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Answering the million-dollar question: why one city in the Treasure Valley has so many million-dollar homes

From May of 2021 to May of this year 880 million-dollar homes were sold in Ada County, and nearly half of them were in Eagle.

EAGLE, Idaho — It's no secret, the cost of housing in Idaho keeps growing. 

So much so that Zillow reported Idaho, along with Montana and Tennessee gained million-dollar cities for the first time. For perspective, most million-dollar cities are in large coastal regions, like Los Angeles and San Francisco. But in Ada County, from May of 2021 to May of this year 880 million dollar homes were sold, and nearly half of them were in Eagle. 

“It's always fascinating to me, even when I go back and review the stats,” said Brett Hughes a Broker and owner of Boise Premier Real Estate. “So in Ada County, there was 880 million dollar homes that have sold, Eagle had 380 of them. So almost half, which is pretty wild.” 

As someone who has grown up in Boise and has worked in real estate for 20 years, Hughes has watched how Idaho has grown, especially in Eagle. 

“Even I'm surprised by it,” Hughes said. “So, in ‘19 to 2020, we sold 78 million-dollar houses, and then from ‘20 to ‘21, 207. So more than double, and then from ‘21 to 2022, 383.” 

For perspective, Hughes said in 2010 less than three homes in the million-dollar price range were sold in Ada County. That is partially because many of these homes that are now valued at a million dollars or more, are double, and in some cases, triple, what they were valued at three to four years ago. 

One particular home in Eagle was on the market for nearly four million dollars. 

“This is on two acres and has its own private beach, so it's really cool with its own little like Casita, separate little living quarters. Gorgeous house,” Hughes said. “This one's been on the market for about 50 days, and they've had two offers, and I think they're about to get another one, but nothing that they've been able to reach so far.”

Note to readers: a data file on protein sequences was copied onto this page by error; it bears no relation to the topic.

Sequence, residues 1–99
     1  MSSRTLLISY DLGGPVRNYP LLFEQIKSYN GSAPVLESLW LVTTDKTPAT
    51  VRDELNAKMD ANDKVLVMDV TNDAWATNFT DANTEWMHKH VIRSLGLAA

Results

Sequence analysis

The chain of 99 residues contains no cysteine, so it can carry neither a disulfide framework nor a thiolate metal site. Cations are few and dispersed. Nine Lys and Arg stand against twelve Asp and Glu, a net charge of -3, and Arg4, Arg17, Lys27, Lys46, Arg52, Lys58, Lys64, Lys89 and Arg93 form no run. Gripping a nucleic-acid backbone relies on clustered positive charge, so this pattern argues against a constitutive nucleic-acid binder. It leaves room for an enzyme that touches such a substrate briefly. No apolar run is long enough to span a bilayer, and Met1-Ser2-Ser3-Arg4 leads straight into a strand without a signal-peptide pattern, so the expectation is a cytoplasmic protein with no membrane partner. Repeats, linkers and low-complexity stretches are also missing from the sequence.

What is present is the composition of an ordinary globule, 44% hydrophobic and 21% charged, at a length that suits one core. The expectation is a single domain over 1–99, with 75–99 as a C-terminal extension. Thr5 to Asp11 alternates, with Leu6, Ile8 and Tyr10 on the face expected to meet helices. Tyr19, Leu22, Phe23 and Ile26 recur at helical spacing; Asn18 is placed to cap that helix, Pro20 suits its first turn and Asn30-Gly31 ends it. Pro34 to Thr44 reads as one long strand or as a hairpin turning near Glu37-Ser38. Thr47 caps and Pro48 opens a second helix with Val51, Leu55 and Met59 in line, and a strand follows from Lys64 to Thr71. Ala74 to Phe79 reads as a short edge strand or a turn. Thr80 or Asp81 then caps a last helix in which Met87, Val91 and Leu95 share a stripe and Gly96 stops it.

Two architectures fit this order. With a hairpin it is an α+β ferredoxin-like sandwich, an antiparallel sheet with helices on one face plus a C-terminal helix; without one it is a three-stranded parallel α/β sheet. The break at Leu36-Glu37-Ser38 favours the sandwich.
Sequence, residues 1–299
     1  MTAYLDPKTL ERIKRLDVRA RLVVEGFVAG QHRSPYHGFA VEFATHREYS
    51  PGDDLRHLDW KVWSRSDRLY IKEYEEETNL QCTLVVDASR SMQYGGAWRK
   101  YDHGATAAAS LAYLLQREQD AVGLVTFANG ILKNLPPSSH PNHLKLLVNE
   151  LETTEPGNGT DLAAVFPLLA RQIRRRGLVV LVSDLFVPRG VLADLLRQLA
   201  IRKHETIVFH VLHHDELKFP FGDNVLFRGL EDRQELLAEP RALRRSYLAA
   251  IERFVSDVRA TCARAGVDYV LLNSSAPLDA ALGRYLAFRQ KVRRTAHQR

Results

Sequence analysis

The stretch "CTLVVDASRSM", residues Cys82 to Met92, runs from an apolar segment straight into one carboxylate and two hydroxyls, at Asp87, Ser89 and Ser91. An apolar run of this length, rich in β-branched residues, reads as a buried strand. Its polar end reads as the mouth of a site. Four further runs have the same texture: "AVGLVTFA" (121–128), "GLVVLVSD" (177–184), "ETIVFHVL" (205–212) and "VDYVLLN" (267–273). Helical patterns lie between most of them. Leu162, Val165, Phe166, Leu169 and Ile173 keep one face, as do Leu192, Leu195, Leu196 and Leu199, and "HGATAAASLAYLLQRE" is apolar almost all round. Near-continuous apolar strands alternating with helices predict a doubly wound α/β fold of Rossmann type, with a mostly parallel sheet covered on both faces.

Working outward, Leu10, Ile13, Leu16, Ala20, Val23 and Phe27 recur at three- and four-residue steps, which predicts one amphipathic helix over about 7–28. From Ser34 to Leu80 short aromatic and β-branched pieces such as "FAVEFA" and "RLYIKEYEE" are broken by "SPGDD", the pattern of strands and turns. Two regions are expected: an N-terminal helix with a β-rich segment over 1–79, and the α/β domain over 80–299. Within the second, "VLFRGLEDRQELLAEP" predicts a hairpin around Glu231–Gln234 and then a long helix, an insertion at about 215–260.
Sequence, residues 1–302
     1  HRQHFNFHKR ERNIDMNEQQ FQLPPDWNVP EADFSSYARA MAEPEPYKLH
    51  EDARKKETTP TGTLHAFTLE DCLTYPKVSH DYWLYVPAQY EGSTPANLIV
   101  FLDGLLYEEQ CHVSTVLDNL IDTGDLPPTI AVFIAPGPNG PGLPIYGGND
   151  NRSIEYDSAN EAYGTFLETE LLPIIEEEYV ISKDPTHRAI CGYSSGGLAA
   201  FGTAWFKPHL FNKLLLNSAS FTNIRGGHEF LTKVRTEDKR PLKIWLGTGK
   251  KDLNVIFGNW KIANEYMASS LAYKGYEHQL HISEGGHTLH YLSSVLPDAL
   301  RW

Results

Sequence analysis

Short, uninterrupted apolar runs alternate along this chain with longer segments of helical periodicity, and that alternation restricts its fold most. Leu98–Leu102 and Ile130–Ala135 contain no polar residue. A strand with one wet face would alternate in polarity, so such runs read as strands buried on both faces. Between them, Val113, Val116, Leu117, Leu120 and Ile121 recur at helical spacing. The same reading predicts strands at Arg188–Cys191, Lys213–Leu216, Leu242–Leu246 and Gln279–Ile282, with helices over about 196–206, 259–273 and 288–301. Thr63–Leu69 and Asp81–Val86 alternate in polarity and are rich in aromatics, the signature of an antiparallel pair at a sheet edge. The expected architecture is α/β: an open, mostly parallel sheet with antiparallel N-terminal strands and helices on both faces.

Hughes said that it is unusual that the house has been on the market for so long. 

“So right now, the average days on market for a million-dollar homes in Eagle is 10 days,” Hughes said. “Which is wild, because the whole Ada County MLS, the average days on market is 20 days. So, they're going faster than everything by double.” 

Last year, 31% of homebuyers who bought a million-dollar home in Eagle paid in cash. 

“They're pulling equity out of their places elsewhere, and bringing them here, and our prices still look pretty affordable to some. Obviously, to us locals, not so much,” Hughes said. He added that it is pushing up the home prices too. 

“That's a really interesting factor because they don't have to have an appraisal, they don't have to have the full underwriting. So values can climb quickly,” Hughes said. “And now, that becomes comparable for somebody else who's actually getting financing. So it's kind of like a vicious cycle to make prices go up quickly.” 

He added that the biggest factor behind the growth in Eagle is pure migration, more people moving into the gem state looking for a better quality of life. 

But why Eagle?

“You know, Eagle is a really cool spot,” Hughes said. “It's just a little quieter. It's just a little like, slower pace of life. The lots are typically a little bit bigger, and even from a developer's point of view, everything they do is so much harder as far as you have to go through so much more, so many more approvals. The open space requirement is bigger, what the city will allow is more stringent. So I think people are drawn to that.” 

The mayor of Eagle Jason Pierce agrees. 

“It's the open space, it's the people not living on top of each other, it's the space in between the houses, it’s the ponds, it's the greenbelt, it's our recreational opportunities with the foothills,” Mayor Pierce said. “we're not trying to create million-dollar homes, we're just creating a family atmosphere and a place where people want to live and that comes from what's available in our community and so people are going to pay more when they find a place where community hits home.” 

While Hughes does not have a crystal ball, based on what he's seeing, he anticipates the city of Eagle to continue to soar upwards. 

“Eagle has never really been on the map so much as it is now,” Hughes said. “It's just such a great place to live.”

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